As many have noted, the city of St. Louis has long been plagued by racism. The police killing of Michael Brown and the subsequent protests, however, took place in Ferguson, a once affluent suburb of 21,000. The town, and the situation it’s currently embroiled in, is emblematic of the shifting demographics of American suburbs, and it should be seen as a cautionary tale.
According to a report from the Brookings Institute, the number of our nation's suburban neighborhoods in which 20 percent of residents live below the federal poverty level ($23,492 for a family of four in 2012) "more than doubled between 2000 and 2008-2012." Unsurprisingly, there are often also racial and class components. "Like Ferguson, many of these changing suburban communities are home to out-of-step power structures, where the leadership class, including the police force, does not reflect the rapid demographic changes that have reshaped these places," the report says.
Since the 1980s, many once-strong black communities in the areas surrounding St. Louis were systematically debased and in some cases residents were forced out. Kinloch, once a "vibrant, self-sustaining, middle-class community of thousands in north St. Louis County" was essentially razed in the 1980s under the auspices of an airport runway extension. The extension never happened, but the residents of Kinloch had largely been displaced to municipalities where "historic laws had long forbidden black citizens from owning land." Many were displaced to Ferguson.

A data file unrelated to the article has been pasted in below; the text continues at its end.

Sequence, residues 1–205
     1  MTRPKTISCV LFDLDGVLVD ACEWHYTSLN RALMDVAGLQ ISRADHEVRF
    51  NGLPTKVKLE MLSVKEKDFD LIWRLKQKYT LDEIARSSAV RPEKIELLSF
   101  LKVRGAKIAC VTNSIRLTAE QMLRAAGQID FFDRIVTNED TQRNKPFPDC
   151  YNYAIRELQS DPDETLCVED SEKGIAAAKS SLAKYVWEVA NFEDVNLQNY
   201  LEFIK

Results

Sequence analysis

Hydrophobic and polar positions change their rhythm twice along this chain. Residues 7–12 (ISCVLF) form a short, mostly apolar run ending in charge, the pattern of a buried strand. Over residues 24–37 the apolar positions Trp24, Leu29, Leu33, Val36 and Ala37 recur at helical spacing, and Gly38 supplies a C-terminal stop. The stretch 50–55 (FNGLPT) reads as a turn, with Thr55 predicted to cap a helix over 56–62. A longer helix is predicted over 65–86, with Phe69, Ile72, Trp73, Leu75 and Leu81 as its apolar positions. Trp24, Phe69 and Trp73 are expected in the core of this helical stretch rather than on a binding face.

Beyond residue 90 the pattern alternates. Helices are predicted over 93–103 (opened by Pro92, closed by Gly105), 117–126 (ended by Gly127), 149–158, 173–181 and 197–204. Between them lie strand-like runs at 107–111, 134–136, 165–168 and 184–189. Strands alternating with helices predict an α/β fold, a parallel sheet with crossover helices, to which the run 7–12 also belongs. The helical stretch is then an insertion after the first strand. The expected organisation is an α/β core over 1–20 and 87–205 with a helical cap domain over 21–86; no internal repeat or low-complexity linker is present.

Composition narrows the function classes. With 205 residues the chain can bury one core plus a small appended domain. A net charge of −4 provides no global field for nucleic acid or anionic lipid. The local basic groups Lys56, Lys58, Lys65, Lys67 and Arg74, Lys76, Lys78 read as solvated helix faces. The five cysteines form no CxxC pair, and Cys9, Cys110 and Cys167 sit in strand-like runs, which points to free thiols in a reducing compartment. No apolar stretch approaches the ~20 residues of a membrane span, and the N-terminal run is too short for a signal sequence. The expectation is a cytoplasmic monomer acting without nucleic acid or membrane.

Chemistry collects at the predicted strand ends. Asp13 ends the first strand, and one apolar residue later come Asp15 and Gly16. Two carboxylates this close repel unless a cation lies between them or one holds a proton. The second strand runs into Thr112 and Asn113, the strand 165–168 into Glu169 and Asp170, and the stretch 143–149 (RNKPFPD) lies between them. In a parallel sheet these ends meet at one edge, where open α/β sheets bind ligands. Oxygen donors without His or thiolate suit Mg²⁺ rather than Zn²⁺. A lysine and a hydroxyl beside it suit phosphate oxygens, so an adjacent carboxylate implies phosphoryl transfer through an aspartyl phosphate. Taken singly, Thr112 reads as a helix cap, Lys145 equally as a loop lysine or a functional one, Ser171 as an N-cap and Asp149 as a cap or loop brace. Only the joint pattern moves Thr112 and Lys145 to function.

From the New York Times:
As black families moved into Ferguson, the whites fled. In 1980, the town was 85 percent white and 14 percent black; by 2010, it was 29 percent white and 69 percent black. But blacks did not gain political power as their numbers grew. The mayor and the police chief are white, as are five of the six City Council members. The school board consists of six white members and one Hispanic. As Mr. Gordon explains, many black residents, lacking the wealth to buy property, move from apartment to apartment and have not put down political roots.
But in that time Ferguson also experienced a rapid transformation in the poverty demographic. Again, from the Brookings Institute report:
The city’s unemployment rate rose [in "recent years'] from less than 5 percent in 2000 to over 13 percent in 2010-12. For those residents who were employed, inflation-adjusted average earnings fell by one-third. The number of households using federal Housing Choice Vouchers climbed from roughly 300 in 2000 to more than 800 by the end of the decade.
The strains of living in areas of concentrated poverty, if not already obvious, have been well documented. According to a recently released report from the Department of Housing and Urban Development on the preliminary results of a study concerning concentrated poverty's effects on residents, many individuals in the study's treatment group—which was given assistance with moving out of areas of concentrated poverty—showed significant improvements in mental and physical health:
After five to seven years, families who participated in the treatment group lived in better neighborhoods, and adults experienced better physical and mental health compared with the control group. Girls in these families showed significant mental health improvements, although boys may have fared worse.
None of this, of course, should be factored into determining the guilt of a police officer who shot an unarmed teenager six times, but as we watch Ferguson heal and work toward a more equitable future, history, race, and the demographics of poverty cannot be forgotten, and the future of our country must be informed by it.